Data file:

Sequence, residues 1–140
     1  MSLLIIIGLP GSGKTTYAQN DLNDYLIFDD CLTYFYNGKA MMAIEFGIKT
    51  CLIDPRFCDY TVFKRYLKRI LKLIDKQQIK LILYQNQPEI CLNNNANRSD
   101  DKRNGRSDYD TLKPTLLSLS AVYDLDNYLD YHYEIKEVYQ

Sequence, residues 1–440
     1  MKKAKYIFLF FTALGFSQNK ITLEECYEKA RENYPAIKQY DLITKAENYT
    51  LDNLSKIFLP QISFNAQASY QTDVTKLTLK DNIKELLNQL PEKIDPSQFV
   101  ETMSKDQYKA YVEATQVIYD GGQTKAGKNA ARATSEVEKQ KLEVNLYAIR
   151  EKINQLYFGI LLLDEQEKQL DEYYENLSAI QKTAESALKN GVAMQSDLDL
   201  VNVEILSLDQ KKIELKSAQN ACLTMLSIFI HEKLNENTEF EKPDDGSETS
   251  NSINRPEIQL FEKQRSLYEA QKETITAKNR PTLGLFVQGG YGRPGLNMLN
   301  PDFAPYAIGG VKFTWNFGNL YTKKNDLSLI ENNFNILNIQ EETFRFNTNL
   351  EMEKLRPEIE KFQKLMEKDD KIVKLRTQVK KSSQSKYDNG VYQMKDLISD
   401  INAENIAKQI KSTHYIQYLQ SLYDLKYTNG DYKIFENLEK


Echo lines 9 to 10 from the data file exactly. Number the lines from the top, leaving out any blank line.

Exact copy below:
   151  EKINQLYFGI LLLDEQEKQL DEYYENLSAI QKTAESALKN GVAMQSDLDL
   201  VNVEILSLDQ KKIELKSAQN ACLTMLSIFI HEKLNENTEF EKPDDGSETS